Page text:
The word provision is used to describe something in a contract, but without being specific—I don’t think you can say it refers to a sentence or to a section.

You can use provision in a contract, usually in the plural. Here are two examples:

any additional shares of Common Stock issued and issuable in connection with any anti-dilution provisions in the Notes or the Warrants

or the consent of whose Holders is required for any waiver of compliance with certain provisions of this Indenture

But usually it’s redundant:

in accordance with the provisions of this Section 4.1.1

so long as Borrower timely complies with each of the provisions in subsections (i)-(v) below:

and to secure compliance with the provisions of this Indenture

as such ADRs may be amended from time to time in accordance with the provisions of the Deposit Agreement

The provisions of this Section 2(b) are [is] subject to (i) the provisions set forth in the Notice of Grant of Stock Options or any employment agreement, consulting agreement or similar agreement

My favorite instance of the redundant provision is the fatous terms and provisions, which is presumably used by those besotted by terms and conditions:

perform and be bound by the terms and provisions of the Intercreditor Agreement

all of the terms and provisions of the Purchase Agreement and the other Transaction Documents shall remain in full force and effect

I also see provisions used in section and article headings. You can always do better:

Other Interpretive Provisions [Interpretation]

Definitions and Other Definitional Provisions

Miscellaneous Provisions

Patent Provisions [Patents]

Cure Provisions

Certain Provisions Relating to Limited Liability Company and Limited Partnership Interests.


About the author

Ken Adams is the leading authority on how to say clearly whatever you want to say in a contract. He’s author of A Manual of Style for Contract Drafting, and he offers online and in-person training around the world. He’s also chief content officer of LegalSifter, Inc., a company that combines artificial intelligence and expertise to assist with review of contracts.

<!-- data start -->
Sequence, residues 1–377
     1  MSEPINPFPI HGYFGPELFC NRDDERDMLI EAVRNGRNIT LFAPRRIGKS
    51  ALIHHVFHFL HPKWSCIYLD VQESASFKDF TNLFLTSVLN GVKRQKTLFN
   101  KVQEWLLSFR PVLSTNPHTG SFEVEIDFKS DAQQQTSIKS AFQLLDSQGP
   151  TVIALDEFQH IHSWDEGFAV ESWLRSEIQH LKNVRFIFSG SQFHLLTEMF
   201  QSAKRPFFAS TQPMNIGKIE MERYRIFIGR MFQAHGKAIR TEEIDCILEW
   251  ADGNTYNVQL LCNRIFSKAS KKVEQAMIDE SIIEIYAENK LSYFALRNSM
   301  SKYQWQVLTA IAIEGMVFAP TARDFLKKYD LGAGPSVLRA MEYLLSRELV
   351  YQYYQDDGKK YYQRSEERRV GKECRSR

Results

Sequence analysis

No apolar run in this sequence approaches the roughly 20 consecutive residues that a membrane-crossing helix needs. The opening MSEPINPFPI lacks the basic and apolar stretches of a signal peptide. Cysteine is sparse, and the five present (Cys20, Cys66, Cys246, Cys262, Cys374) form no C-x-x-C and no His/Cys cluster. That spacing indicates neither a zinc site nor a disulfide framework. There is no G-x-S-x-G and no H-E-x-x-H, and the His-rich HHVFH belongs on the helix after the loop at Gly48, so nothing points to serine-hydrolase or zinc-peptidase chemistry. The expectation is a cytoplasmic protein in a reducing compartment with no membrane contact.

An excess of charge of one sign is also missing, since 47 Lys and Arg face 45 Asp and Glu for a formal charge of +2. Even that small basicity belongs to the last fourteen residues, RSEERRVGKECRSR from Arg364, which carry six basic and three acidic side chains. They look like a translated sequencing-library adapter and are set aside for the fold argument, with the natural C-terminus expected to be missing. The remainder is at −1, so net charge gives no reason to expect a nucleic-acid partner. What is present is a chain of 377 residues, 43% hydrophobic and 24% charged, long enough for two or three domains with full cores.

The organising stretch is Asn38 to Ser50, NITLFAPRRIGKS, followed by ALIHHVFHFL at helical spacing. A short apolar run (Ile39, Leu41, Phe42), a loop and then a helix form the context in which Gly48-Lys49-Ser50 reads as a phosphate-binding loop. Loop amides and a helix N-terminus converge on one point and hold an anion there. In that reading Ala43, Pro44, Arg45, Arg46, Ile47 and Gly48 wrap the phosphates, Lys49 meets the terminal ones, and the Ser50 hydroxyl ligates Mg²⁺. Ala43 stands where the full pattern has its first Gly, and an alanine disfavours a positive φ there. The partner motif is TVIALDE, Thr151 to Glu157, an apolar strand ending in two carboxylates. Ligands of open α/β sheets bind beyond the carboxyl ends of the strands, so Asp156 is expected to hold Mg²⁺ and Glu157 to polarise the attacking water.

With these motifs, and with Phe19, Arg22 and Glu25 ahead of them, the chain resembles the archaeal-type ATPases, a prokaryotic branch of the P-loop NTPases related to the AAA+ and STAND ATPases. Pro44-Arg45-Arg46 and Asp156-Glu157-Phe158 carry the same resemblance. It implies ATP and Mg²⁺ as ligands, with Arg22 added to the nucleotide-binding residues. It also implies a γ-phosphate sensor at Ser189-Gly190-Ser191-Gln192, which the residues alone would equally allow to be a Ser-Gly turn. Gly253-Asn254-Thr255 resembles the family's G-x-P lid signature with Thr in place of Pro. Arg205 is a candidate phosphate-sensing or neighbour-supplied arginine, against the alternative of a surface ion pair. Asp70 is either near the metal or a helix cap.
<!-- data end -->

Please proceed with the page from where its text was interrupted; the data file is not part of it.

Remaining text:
5 thoughts on ““Provisions””

  1. Ken:

    I think you can do the same with the singular, in many cases:

    If any provision of this agreement requires …
    If any of this agreement requires …

    And even then, you might not want to if you want to preserve parallelism:
    If any provision of this agreement is unenforceable as written, then that provision is to be reformed it applicable law permits and …

    I don’t think you can (at least as easily) when “each” or “every” precedes “provision.” Those would require more re-work of the sentence.


    • Chris,

      1/ I agree that a drafter can usually excise the singular ‘provision’ in addition to the plural.

      2/ Why not prefer ‘part’ to ‘provision’ whenever the former will do? ‘Part’ will not do in references to types of provisions — you would say ‘integration provision’, not ‘integration part’, but in many contexts, the conciser ‘part’ will do.

      3/ Sometimes it’s unnecessary to refer to a part or provision at all, as when a reference to to the whole agreement will do, as in ‘if this agreement requires’ (better than ‘if any provision of this agreement requires’).

      4/ This departs from the topic of the post, but hasn’t Ken turned against ‘is to be’ as the tool of choice when trying to tie the hands of an interpreting tribunal?


      • Wright:

        2/ I’ve seen some contracts use “part” to mean something specific like I would normally use “section.” So I was avoiding the issue.

        3/ Yes, I was assuming something after the ellipsis necessitated the “any.” Many, many cases would not even need the “any of.”

        4/ I didn’t have MCSD to hand. (I don;t have a second copy that I carry with me.)


  2. In my class on Chinese Legal Translation, I have long taught that the phrasing “in accordance with the provisions of the Contract” should be shortened to “pursuant to the Contract” or similar. Chinese and Arabic always write “the rules of the Contract/Law” to be more specific (in a high context language), and in Chinese, the word ‘rules’ in a legal context almost always gets translated to “Provisions.” The point however is to make sure your business partner isn’t going out there and breaking the law, and in this case adding the flabby “in accordance with the provisions of the” language simply increases the chance that a busy reader will miss the important point you are trying to make.

    Back in the days when lawyers were paid by the word, I am sure this sort of thing made ample sense for bill-churners, but has no place in today’s ethic of creating value for clients.

    This is an article I plan to show to students, to get them on board with value-centered drafting.

    Adrian Dunbar
    Professor of the Practice of Legal Translation

    Managing Partner

    CBL Translations


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